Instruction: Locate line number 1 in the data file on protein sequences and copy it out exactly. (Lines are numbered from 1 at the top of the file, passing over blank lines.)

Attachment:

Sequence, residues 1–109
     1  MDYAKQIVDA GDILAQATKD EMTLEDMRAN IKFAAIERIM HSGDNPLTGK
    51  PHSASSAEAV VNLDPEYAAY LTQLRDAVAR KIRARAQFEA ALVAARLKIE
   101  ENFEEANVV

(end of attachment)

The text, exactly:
Sequence, residues 1–109